First, the fact that the manner in which Portillo-Aguirre was sitting obscured the view of his bag does not support a finding of reasonable suspicion. Agent Woodruff acknowledged that it was perfectly normal for luggage to be obscured by people's legs:
[A]s you're walking off the bus, you're facing everyone's back. So, I'm looking beneath the seats as I'm walking off because there's things you can't see stored beneath the seats from the front because people's legs are in the way ․ or ․ the particular piece of luggage is pushed far back where you can't see that as you're walking down the bus.
And during cross-examination by Portillo-Aguirre's counsel Ray Velarde, Agent Woodruff also admitted that there was nothing inherently suspicious about the bag underneath Portillo-Aguirre's seat:
VELARDE: Now, there was nothing apparent about the bag upon visual inspection that aroused your suspicion. Correct?
WOODRUFF: Other than-no.
WOODRUFF: From where I stood, no.
VELARDE: It's just a plain and ordinary bag.
WOODRUFF: It's a bag that's not visible from the front.
VELARDE: And this bag is not commonly used ․ by dope smugglers?
WOODRUFF: Not that I'm aware of.
VELARDE: That didn't come into the picture?
In short, neither the bag nor its location suggested that criminal activity was afoot. If such common circumstances qualified as reasonable suspicion, then most interstate travelers would be subject to prolonged detention, for virtually any item of luggage, from a handbag to a suitcase, is capable of housing illegal narcotics.
Second, Agent Woodruff's additional observation that Portillo-Aguirre was sitting in an erect and rigid fashion and looking straight ahead does not tip the scales in favor of reasonable suspicion. Because consistency between a bus passenger's posture and the design of his seat is hardly suspicious, this fact can be given little or no weight. Considering, then, the totality of the circumstances, including the Border Patrol agent's constitutionally defective modus operandi, we conclude that Portillo-Aguirre's nervous appearance, the position of his luggage, and his erect posture did not amount to reasonable suspicion of drug trafficking or any other crime.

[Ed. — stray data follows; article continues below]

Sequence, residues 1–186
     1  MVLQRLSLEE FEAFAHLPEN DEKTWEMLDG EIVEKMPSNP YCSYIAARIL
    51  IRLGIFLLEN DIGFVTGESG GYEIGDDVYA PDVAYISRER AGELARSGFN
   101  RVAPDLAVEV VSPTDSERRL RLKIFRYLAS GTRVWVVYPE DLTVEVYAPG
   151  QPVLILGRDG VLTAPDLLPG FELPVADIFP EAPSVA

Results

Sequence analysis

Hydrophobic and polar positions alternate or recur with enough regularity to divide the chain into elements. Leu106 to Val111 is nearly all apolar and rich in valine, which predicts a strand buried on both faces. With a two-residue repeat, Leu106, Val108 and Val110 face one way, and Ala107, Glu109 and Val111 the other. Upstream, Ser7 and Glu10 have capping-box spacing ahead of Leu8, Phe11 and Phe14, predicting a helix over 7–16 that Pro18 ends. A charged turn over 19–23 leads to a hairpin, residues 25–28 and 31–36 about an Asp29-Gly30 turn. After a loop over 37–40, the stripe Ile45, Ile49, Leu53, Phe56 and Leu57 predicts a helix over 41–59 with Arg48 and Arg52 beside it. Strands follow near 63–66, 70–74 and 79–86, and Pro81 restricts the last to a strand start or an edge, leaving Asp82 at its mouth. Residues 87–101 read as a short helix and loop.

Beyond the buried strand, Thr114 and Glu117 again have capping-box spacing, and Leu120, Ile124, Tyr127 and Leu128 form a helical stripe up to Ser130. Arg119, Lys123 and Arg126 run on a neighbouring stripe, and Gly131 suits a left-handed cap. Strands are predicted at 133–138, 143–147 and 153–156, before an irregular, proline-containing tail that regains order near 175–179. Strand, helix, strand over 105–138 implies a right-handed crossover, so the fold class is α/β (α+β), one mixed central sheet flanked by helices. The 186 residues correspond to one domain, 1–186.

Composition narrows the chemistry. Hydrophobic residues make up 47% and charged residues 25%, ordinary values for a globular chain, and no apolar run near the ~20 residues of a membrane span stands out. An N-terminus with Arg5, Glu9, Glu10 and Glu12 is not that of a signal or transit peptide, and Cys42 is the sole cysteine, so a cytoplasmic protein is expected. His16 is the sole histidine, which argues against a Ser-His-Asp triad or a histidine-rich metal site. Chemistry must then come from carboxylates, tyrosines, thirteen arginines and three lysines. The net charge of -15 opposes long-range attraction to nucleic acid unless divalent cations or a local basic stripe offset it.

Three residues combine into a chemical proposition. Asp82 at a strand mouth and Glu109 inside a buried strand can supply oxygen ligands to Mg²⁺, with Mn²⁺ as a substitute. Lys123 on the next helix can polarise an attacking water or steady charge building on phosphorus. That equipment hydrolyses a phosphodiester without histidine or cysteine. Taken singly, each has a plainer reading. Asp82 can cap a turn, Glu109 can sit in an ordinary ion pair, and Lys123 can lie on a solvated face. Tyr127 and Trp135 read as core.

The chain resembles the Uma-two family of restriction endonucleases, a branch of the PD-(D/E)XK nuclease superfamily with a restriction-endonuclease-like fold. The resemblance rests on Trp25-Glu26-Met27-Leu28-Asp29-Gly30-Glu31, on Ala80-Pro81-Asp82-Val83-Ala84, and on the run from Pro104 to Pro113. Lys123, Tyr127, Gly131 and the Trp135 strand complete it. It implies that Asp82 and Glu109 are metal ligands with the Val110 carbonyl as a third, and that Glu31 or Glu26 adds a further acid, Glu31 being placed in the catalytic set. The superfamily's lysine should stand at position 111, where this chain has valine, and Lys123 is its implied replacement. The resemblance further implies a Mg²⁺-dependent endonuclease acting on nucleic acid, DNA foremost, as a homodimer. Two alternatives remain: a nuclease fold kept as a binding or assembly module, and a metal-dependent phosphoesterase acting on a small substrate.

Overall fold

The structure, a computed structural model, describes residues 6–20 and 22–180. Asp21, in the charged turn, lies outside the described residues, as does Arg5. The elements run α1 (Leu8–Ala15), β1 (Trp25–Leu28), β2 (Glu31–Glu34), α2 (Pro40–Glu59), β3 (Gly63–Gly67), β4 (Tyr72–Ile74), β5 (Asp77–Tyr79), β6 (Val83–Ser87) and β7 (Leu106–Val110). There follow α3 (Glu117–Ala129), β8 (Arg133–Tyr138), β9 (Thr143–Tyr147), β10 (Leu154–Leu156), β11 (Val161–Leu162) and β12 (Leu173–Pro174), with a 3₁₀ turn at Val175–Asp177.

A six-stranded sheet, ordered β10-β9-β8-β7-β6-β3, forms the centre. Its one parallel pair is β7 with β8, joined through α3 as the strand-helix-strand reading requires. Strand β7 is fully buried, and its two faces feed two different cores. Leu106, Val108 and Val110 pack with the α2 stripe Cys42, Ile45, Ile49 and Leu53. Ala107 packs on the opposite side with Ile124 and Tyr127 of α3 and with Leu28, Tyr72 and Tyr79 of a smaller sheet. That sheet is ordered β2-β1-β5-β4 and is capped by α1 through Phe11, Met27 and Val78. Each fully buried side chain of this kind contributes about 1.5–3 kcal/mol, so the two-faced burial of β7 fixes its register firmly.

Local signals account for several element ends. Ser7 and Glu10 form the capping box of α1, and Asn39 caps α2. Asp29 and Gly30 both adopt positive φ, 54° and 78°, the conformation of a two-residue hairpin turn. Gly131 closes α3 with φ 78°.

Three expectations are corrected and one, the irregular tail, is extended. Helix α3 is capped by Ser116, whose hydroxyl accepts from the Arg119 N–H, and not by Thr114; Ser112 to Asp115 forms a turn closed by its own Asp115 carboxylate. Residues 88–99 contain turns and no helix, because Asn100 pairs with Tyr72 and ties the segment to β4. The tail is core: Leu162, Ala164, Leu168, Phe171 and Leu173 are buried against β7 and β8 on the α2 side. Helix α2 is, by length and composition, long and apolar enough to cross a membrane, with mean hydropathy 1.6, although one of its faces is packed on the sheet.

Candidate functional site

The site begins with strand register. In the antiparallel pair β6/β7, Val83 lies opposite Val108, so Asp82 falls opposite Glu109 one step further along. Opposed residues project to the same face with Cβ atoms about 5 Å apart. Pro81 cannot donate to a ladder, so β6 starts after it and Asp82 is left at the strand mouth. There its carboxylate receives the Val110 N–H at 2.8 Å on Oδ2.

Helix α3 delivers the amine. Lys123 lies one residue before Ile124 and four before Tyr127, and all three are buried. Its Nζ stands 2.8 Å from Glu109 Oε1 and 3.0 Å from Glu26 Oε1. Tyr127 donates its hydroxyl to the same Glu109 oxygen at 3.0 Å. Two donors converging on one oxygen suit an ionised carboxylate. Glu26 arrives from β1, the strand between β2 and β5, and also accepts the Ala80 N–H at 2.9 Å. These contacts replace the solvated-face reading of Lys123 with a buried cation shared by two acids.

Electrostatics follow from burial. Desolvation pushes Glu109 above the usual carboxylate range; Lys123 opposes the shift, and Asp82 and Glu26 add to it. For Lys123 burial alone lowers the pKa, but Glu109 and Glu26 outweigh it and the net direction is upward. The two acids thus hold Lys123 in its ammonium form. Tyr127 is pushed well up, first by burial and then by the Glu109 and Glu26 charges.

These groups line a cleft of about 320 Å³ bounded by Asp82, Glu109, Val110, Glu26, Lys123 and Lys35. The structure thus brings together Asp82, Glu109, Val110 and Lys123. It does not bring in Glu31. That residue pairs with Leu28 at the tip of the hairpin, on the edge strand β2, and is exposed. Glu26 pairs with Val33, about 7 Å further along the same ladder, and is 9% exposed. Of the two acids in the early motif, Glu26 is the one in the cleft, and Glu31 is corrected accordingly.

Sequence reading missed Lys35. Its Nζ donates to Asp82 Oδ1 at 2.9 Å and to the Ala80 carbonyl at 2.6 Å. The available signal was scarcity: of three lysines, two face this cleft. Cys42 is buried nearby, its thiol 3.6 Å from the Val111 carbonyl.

In Machuca-Barrera, we observed limitations on the use of immigration checkpoints to stop and question people regarding their citizenship status without individualized suspicion of wrongdoing. Although we do not require Border Patrol agents to look the other way when evidence of criminal activity is before them, if an agent does not develop reasonable suspicion of such activity before the justifying purpose of a checkpoint stop has been accomplished, he may not prolong the stop. Agent Woodruff did not develop reasonable suspicion of criminal activity while he was questioning the passengers on the Americanos bus about their citizenship status. So, unless something occurred while Agent Woodruff was returning to the front of the bus that raised reasonable suspicion of criminal activity, thereby justifying his extension of the stop, Portillo-Aguirre and his fellow passengers, like the motorists in Jones and Dortch, should have been permitted to leave.51 As we have explained, no such thing happened here. We therefore hold that the extended detention became an unreasonable seizure in violation of the Fourth Amendment.52
D. Search of Portillo-Aguirre's Bag